Federal judge upholds Ohio's new exotic-animal law

Seven people who sued Ohio over its new law cracking down on exotic animals say they're disappointed a federal judge has upheld it.

Their attorney, Robert Owens, says they plan to appeal.

State lawmakers passed the tougher restrictions after a suicidal man released dozens of his animals including bears, lions and tigers from his farm in Zanesville last year.

The people who sued say the new law forces them to join private associations with which they disagree and possibly give up their animals without compensation. They challenged a requirement animals be implanted with microchips for identification in case they get lost or escape.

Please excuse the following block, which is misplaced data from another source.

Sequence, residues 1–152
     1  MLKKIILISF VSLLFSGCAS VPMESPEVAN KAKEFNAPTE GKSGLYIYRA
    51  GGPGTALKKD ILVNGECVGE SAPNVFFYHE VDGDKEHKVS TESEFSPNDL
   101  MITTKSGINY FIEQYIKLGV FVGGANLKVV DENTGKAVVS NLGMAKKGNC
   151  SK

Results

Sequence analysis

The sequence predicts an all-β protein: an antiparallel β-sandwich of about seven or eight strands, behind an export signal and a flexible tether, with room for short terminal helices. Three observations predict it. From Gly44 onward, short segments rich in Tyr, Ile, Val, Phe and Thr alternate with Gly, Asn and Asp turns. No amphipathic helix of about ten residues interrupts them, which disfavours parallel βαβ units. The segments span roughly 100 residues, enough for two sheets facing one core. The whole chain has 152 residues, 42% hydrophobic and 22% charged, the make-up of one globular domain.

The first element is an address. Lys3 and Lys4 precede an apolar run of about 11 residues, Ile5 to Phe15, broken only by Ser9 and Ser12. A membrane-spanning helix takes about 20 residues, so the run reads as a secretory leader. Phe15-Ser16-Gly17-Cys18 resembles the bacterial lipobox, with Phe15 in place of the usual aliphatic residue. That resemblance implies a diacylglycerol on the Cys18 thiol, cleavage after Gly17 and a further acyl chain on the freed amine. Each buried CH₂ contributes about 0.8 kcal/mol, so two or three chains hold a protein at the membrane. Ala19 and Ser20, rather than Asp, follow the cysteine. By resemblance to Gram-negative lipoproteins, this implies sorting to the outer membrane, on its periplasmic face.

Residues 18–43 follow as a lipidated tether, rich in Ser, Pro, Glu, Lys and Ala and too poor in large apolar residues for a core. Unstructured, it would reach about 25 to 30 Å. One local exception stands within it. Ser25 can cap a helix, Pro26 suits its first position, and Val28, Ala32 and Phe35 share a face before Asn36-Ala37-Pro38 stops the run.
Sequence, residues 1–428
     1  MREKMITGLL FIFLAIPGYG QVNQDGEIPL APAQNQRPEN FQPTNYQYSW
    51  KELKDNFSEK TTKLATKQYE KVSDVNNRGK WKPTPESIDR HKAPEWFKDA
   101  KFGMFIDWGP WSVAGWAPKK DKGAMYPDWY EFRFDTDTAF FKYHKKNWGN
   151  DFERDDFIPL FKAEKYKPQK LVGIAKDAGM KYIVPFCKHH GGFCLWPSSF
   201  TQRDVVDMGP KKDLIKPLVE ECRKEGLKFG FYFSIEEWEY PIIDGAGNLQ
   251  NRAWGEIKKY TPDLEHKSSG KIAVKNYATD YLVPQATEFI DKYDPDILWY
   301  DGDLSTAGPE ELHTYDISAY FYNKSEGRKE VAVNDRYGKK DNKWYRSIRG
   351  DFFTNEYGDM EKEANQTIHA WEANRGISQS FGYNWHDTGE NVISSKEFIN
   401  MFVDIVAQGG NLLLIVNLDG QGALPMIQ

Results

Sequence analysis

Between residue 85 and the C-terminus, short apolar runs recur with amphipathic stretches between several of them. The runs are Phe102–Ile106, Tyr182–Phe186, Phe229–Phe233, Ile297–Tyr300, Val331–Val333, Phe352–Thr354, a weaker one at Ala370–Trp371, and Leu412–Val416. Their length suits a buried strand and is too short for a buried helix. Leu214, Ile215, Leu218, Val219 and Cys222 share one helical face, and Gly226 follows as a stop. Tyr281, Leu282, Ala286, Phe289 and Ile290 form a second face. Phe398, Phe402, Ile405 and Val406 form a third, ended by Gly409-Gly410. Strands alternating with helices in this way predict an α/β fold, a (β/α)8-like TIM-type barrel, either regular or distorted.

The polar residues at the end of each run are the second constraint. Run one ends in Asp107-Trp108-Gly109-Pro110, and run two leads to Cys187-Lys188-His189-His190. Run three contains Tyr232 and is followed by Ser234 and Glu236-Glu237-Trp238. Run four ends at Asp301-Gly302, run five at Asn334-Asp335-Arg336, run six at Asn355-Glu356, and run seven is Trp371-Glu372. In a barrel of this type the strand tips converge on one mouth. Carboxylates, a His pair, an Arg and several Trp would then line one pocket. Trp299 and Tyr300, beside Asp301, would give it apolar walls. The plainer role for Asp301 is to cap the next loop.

The Columbus judge ruled Thursday the animal owners failed to prove their constitutional rights were violated.

Ohio officials have defended the law as a common-sense measure to address a public safety problem.